Tests Find More Cases of Salmon Sex Changeby Dan Hansen
Spokesman Review, November 8, 2001
Zoologist says Hanford Reach results duplicated on Yakima, lower Columbia
A study that last year indicated male salmon from the Hanford Reach may be changing sex and spawning as females has been repeated on the Yakima and lower Columbia rivers with similar results.
University of Idaho zoologist Jim Nagler said researchers aren't sure what to make of the results. The most obvious conclusion is that the sex change is occurring for some environmental reason, since the same tests have turned up negative in salmon from Vancouver Island streams.
But it's also possible there's some genetic difference between chinook salmon from the Columbia River basin and those from Canada -- a difference that would make it appear the sex change is occurring even if it isn't.
Nagler cautioned that it's far too early to draw conclusions. It could take years to prove whether gender-bending is happening, and much longer to determine the cause of the mutation -- whether it's a chemical in the water, the temperature of the water, river-flow fluctuations or other environmental causes.
"We have some interesting observations but I think it will be a number of years before we hammer out what is going on here," Nagler said. "We have to come at the problem from a number of unrelated angles."
Armed with a $100,000 grant from the Bonneville Power Administration, Nagler and other researchers from UI and Washington State University plan another two years of studies.
Last year's study, which attracted national attention, showed that 80 percent of the female chinook collected at Hanford Reach of the Columbia had genetic "markers" that indicated the presence of both "X" and "Y" chromosomes.
Typically, females of any species carry only X chromosomes, while males have both X and Y. That way, any offspring are as likely to be females as males.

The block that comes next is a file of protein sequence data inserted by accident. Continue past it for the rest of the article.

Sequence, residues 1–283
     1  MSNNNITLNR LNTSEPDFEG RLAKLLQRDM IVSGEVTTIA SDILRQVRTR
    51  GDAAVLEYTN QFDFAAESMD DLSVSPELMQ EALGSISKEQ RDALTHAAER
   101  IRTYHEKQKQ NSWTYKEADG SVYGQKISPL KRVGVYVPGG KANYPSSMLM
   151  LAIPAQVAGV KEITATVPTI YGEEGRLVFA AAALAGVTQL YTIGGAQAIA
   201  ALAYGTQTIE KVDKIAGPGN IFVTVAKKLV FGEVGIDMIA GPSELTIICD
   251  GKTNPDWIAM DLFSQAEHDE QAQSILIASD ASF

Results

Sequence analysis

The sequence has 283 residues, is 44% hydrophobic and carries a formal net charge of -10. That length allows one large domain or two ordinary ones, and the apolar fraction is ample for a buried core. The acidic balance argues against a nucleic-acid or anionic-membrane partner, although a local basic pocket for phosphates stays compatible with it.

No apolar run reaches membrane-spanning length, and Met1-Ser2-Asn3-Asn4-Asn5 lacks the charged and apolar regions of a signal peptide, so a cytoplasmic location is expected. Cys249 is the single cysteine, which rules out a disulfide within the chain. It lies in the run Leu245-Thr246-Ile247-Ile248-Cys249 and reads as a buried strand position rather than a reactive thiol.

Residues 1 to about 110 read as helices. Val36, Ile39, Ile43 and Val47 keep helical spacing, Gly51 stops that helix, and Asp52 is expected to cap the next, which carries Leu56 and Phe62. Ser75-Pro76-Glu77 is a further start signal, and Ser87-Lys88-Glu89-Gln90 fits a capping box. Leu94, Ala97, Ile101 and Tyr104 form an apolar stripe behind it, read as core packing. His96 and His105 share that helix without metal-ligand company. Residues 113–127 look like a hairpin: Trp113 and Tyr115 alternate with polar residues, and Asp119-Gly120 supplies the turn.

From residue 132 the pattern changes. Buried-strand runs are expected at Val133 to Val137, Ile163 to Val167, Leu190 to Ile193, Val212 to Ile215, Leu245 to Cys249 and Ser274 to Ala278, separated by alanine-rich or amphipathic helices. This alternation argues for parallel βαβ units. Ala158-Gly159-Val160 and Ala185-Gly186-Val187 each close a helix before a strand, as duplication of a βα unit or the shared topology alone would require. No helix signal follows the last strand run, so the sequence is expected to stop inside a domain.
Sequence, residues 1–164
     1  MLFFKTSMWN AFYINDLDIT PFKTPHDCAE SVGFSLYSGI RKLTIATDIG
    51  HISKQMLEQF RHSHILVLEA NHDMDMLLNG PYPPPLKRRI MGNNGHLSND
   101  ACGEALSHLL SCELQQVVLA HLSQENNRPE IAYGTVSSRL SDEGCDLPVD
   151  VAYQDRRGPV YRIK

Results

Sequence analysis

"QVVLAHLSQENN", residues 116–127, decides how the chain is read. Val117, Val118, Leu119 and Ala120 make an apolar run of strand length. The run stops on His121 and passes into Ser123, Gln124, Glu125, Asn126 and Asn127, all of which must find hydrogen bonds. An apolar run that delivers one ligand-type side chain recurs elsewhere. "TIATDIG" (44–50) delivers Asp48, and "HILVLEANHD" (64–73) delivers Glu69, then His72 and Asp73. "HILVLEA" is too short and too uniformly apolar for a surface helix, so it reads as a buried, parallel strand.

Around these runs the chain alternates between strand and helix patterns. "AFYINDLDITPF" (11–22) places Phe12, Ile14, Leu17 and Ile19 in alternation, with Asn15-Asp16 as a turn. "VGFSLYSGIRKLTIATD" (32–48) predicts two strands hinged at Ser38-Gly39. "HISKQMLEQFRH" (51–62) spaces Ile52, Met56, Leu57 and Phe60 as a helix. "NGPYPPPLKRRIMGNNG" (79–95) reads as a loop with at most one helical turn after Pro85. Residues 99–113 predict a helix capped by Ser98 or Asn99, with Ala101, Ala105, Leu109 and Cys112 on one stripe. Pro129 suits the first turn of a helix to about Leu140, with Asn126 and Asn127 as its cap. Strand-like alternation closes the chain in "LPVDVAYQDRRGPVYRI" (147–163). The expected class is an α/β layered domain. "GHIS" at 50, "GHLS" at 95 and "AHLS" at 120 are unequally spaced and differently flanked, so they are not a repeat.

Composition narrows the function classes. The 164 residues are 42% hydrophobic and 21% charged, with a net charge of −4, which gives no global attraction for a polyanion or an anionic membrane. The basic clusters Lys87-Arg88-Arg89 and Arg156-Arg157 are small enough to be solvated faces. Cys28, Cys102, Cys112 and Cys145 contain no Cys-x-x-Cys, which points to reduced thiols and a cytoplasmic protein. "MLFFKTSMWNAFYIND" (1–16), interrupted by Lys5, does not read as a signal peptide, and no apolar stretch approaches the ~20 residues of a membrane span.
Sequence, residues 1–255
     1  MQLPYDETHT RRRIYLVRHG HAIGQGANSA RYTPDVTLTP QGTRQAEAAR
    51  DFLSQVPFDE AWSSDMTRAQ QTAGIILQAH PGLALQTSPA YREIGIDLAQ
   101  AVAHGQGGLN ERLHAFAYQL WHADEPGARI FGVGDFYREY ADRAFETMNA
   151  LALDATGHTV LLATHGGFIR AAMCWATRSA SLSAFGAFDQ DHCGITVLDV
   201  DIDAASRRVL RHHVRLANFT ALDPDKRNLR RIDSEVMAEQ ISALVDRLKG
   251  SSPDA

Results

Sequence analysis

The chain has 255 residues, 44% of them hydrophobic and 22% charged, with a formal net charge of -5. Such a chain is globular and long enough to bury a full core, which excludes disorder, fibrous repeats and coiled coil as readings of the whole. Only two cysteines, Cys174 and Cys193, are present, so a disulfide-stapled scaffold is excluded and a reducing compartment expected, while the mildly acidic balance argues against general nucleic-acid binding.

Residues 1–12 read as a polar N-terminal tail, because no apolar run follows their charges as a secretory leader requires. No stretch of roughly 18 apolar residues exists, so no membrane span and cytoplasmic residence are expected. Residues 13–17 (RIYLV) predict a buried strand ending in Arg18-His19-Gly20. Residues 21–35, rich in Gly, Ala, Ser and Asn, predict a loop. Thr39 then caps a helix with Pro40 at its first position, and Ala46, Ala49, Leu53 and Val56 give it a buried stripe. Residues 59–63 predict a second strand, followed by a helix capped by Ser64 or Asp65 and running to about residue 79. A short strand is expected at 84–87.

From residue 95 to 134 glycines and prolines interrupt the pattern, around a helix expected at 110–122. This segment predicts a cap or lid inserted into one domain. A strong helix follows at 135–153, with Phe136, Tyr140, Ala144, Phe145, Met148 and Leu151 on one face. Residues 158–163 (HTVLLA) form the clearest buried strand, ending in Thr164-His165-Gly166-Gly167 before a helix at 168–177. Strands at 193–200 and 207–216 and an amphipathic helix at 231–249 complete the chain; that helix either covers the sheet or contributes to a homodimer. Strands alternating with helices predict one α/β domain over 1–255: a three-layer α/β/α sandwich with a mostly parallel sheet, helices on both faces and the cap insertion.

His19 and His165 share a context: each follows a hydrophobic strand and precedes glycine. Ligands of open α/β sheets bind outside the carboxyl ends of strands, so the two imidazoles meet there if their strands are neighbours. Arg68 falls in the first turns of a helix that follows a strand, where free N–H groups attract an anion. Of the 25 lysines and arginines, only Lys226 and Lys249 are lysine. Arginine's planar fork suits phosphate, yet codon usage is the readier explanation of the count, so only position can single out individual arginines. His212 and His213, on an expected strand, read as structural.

Researchers fear that females with a Y chromosome will produce an inordinate number of males, including some with Y chromosomes only. Those "super-males" would be unable to produce any female offspring.
When researchers last year tested hatchery fish that are genetically identical to those from the Hanford Reach, they found no indication that any had changed sex. But this year's results were different: even some of the hatchery females had Y chromosomes.
"I don't have an answer" for the disparity between this year's and last year's tests of hatchery fish, Nagler said. "Did we sample some fish last year that were late returning (from the ocean to the hatchery) and now these are early returning fish? Or was there some other abnormality?"
One thing's been ruled out: Scientific error within the test itself.
The American researchers sent unmarked samples of the male and female chinook they tested to the Canadian lab that developed the technique. That lab, which has never found sex-change evidence in Vancouver Island fish, "ran the tests on our fish and found exactly what we found," Nagler said.
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